A model of vancomycin-resistant enterococci infection patterns found that an increase in infection prevalence in a single hospital could have significant effects on other hospitals in the same county.
Changes in the prevalence of drug-resistant bacteria in one hospital can affect the prevalence in other hospitals in the same region that share patients, suggest the results of a study
published in the August 2013 issue of the American Journal of Infection Control
The number of vancomycin-resistant enterococci (VRE) infections in patients discharged from United States hospitals has been on the rise. To simulate changes in VRE colonization prevalence in each hospital and calculate how much and how quickly these changes would affect the other hospitals, the researchers used an agent-based model of all 29 adult acute care hospitals in Orange County, California. The researchers developed the model using probabilities based on patient admission and transfer data from all area hospitals in 2006 and 2007.
The model indicated that a moderate 10% increase in VRE colonization prevalence in any single hospital would cause an average increase in prevalence of 2.8% in other area hospitals, translating to 11 VRE-colonized patients for every 388 yearly admissions, or 898 VRE-colonized patients in a hospital with 32,082 yearly admissions. However, this moderate increase in VRE colonization prevalence at a single hospital could cause up to a 61.9% increase in colonization levels at area hospitals, translating to 240 VRE-colonized patients for every 388 yearly admissions or 19,859 VRE-colonized patients for 32,082 annual admissions. A much larger, 50%, increase in VRE colonization prevalence at 1 hospital would cause an average increase in colonization prevalence of 10.4% to 11.1% in other regional hospitals. According to the model, most hospitals would not be fully affected by the infection’s spread until at least 1.5 years after the original increase in prevalence.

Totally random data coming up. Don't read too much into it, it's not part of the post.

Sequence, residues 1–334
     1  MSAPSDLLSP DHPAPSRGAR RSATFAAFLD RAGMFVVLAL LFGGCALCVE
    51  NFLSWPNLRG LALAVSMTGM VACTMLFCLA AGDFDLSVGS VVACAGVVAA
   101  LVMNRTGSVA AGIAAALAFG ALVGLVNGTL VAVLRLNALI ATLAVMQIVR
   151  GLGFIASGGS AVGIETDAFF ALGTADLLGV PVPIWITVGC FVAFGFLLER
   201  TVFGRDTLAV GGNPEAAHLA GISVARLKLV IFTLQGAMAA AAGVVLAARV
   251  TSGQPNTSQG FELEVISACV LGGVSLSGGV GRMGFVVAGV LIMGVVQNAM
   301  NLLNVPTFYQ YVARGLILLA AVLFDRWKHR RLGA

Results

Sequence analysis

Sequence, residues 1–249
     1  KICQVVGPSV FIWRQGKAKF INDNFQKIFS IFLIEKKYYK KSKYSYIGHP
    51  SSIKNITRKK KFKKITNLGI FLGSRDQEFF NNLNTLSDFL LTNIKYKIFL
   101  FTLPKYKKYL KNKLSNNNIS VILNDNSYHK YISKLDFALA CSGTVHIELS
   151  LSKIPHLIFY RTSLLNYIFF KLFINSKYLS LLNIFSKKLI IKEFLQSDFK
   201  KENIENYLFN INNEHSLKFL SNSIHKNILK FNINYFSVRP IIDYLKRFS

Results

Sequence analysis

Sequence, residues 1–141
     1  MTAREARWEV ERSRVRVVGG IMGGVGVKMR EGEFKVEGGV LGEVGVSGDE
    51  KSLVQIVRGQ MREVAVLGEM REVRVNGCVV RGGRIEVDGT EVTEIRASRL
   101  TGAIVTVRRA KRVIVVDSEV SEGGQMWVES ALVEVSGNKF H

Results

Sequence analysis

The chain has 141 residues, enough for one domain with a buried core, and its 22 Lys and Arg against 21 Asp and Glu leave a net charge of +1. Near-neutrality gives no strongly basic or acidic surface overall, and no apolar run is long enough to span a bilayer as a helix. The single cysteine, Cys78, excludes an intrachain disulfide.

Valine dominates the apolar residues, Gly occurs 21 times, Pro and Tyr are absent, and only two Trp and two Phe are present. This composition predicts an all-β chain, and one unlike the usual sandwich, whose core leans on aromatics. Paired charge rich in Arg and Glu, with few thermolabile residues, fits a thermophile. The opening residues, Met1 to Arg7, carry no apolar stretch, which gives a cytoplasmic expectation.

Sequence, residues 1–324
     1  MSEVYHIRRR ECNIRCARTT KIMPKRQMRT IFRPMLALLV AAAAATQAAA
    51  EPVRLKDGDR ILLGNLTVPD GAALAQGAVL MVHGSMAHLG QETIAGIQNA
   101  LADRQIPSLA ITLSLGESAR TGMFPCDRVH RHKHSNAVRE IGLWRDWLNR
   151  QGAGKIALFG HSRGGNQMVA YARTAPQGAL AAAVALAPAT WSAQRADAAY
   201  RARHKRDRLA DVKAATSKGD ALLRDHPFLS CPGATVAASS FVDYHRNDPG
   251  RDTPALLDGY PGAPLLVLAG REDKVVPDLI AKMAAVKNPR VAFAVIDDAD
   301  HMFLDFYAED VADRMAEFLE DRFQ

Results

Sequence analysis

The study’s results also indicated that increases in infection prevalence at a hospital had a larger effect in hospitals located nearby. When VRE colonization prevalence was raised by 15% in a hospital located near the City of Orange, infection prevalence in other hospitals around the city increased by an average of 9.83%. In addition, prevalence changes in larger hospitals had the greatest influence on all other regional hospitals. The model predicted that the overall highest change in VRE colonization prevalence would be produced when patients frequently transferred between 2 long-term acute care facilities that were both experiencing infection outbreaks. Under these circumstances, the VRE prevalence would rise by 57.5% in 1 hospital and 61.9% in the other.
To better control the effects of regional VRE colonization prevalence increases, the researchers recommend that hospitals in the same area improve communication and cooperation with each other. They also suggest that control programs for VRE should consider regional effects, as the study’s results indicate that hospitals at the opposite ends of a large county can impact each other due to patient sharing.
“Because financial and operational alliances among hospitals can drive patient sharing, further understanding these alliances and other coordinated efforts between facilities who share patients can improve our understanding of VRE spread,” the researchers write. “Knowing a hospital's connections with other health care facilities via patient sharing can help determine which hospitals to include in a surveillance or control program.”